In this question, I asked whether there existed groups $G$ with finitely presentable subgroups $H$ such that $gHg^{-1}$ is a proper subgroup of $H$ for some $g \in G$. Robin Chapman pointed out that the group of affine automorphisms of $\mathbb{Q}$ contains examples where $H \cong \mathbb{Z}$.

This leads me to the following more general question. A group $\Gamma$ is "coHopfian" if any injection $\Gamma \hookrightarrow \Gamma$ is an isomorphism. To put it another way, $\Gamma$ does not contain any proper subgroup isomorphic to itself. The canonical example of a non-coHopfian group is a free group $F_n$ on $n$ letters. Chapman's example exploits the fact that $F_1 \cong \mathbb{Z}$ contains proper subgroups $k \mathbb{Z}$ isomorphic to $\mathbb{Z}$.

Now let $\Gamma$ be a non-coHopfian group and let $\Gamma' \subset \Gamma$ be a proper subgroup with $\Gamma' \cong \Gamma$. Question : does there exist a group $\Gamma''$ such that $\Gamma \subset \Gamma''$ and an automorphism $\phi$ of $\Gamma''$ such that $\phi(\Gamma) = \Gamma'$? How about if we restrict ourselves to the cases where $\Gamma$ and $\Gamma''$ are finitely presentable? I expect that the answer is "no", and I'd be interested in conditions that would assure that it is "yes".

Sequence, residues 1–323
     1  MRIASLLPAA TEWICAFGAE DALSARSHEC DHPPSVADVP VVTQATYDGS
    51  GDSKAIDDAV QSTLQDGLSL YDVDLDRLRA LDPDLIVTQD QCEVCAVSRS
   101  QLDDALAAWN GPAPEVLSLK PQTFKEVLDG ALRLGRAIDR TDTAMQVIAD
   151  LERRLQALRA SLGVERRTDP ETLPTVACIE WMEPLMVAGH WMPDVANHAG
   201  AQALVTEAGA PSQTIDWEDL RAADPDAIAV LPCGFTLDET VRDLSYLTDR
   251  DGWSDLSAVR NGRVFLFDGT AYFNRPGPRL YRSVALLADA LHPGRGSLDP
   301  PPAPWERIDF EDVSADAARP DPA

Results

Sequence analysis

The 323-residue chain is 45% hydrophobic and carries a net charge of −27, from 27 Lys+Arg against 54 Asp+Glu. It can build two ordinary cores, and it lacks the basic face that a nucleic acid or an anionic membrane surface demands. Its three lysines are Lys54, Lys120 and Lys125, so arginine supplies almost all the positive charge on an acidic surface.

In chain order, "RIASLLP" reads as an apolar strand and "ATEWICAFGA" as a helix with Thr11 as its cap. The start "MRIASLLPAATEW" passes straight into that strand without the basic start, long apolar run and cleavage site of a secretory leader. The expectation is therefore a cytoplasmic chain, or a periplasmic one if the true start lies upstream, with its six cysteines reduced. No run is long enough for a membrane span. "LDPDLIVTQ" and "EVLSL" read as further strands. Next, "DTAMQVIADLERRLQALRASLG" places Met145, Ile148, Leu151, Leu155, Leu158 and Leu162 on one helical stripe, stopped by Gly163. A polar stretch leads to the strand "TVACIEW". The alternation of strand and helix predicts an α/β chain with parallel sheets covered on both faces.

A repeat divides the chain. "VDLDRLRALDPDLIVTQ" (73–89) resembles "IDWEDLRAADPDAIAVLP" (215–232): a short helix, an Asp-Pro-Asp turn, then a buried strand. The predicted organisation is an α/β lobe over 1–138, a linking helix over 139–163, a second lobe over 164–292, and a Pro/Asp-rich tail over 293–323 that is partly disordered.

If such a $\Gamma''$ existed, then we could construct an example answering my linked-to question above by taking $G$ to be the semidirect product of $\Gamma''$ and $\mathbb{Z}$ with $\mathbb{Z}$ acting on $\Gamma''$ via $\phi$. This question thus can be viewed as asking whether Chapman's answer really used something special about $\mathbb{Z}$.